For the beautiful variety of skin tones in life, there are acrylic paint colours to mix. This medium is very forgiving and when applied opaquely, it can be layered and textured to create shading, shadows and highlights. These recipes are the jumping off place for devising a broad palette of colouration - from pale, mid-toned, to dark.
- Skill level:
- Moderately Easy
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Things you need
- Glass of water
- Acrylic paints
Choose one of the following combination of colours for individualised skin tones. For pale skin: A. Burnt sienna, raw umber, white; B. Burnt sienna, cadmium red, white; C. Burnt sienna, alizarin crimson, white; D. Burnt sienna, cadmium yellow, white; E. Burnt sienna, lemon yellow, white; F. Burnt sienna, ultra marine, white.
For brown skin: A. Cadmium yellow, burnt umber; B. Yellow ochre, raw umber, cadmium red. A visual colour chart for these combinations are referenced below. (see REF 2))
Apply dabs of paint from one combination above to the outer edge of the palette. Using a damp brush, take three or more brush-fulls of one colour and apply it to the centre of the palette. This is the base colour and all colours will be mixed into it.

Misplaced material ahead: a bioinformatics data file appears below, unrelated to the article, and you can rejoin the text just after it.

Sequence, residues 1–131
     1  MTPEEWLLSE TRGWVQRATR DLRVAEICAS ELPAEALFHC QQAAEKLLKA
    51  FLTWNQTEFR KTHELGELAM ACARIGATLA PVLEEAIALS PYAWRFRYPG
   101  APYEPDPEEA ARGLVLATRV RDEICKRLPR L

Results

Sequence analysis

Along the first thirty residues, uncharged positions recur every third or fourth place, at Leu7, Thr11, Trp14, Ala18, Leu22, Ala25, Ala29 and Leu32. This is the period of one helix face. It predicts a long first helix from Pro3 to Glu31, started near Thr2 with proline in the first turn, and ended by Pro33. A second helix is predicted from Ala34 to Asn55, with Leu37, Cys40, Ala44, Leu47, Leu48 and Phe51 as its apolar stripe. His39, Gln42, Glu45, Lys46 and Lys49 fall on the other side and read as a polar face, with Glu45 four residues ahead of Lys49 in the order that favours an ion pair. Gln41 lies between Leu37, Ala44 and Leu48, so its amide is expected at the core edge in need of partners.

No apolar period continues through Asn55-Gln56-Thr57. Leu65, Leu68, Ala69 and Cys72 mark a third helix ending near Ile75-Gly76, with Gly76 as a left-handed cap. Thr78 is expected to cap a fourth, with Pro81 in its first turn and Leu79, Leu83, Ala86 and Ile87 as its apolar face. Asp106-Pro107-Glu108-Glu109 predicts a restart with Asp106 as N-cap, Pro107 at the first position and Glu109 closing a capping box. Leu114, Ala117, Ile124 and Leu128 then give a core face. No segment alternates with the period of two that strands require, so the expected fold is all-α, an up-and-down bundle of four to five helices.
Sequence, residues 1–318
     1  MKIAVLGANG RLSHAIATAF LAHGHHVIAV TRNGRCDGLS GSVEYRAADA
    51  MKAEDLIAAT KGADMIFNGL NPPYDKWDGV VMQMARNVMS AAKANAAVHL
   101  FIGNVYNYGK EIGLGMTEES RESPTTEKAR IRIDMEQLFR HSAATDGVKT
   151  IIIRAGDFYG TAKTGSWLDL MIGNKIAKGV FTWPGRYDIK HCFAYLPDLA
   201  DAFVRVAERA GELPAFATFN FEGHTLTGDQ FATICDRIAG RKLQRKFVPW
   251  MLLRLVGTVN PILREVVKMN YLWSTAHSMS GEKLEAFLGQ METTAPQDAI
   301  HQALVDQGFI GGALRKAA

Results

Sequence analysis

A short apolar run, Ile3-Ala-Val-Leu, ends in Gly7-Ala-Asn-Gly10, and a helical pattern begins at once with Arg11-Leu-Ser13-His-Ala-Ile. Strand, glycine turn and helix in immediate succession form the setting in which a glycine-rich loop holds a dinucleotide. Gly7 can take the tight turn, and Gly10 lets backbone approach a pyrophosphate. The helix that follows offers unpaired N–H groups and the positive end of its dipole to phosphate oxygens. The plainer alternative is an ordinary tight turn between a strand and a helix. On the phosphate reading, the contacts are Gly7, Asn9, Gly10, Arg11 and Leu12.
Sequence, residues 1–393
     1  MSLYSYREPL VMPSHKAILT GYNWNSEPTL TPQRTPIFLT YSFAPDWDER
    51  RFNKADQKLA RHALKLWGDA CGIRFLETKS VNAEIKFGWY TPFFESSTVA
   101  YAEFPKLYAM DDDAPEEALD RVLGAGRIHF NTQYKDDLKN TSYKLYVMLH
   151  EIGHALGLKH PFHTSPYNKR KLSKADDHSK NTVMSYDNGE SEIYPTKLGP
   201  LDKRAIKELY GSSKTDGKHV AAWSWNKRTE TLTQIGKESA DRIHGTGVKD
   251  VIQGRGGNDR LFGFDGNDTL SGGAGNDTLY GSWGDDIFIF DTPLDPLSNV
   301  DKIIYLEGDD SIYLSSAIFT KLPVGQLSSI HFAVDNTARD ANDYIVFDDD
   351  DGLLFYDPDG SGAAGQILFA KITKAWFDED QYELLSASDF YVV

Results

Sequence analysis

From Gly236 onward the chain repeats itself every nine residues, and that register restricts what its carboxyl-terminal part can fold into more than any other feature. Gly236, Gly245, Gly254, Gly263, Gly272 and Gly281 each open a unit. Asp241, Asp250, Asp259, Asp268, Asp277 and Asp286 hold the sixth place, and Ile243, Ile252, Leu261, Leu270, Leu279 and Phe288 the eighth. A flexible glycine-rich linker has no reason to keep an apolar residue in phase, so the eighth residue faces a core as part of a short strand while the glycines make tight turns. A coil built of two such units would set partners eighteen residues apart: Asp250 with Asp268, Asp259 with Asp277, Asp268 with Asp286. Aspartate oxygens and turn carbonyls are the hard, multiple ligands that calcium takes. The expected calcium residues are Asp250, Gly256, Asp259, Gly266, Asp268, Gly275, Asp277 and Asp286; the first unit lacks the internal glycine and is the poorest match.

Add brush-fulls of the second colour into the first. Blend them together with the brush. Between colours, roll the brush against the edge of the blended colour to allow the paint to stay on the palette. Keep the brush fairly clean. Either roll it on the palette or dip it in water, then wipe it on the rag.
Mix the third colour in and blend. Adjust the colour by adding bits of each colour until a satisfactory tone is achieved. Add white to this mix to lighten it. Acrylics can be blended on watercolour paper or canvas before they dry. If the paint has dried, it can be layered with another. The skin tones of males are mainly depicted as a little darker than women. Children have lighter skin tones and both children and infants have characteristic red cheeks. Ears, noses and cheeks are reddened because of the blood flow to those areas. Paint older skin tones with less red, as blood supply lessons as we age. (see REF 1)
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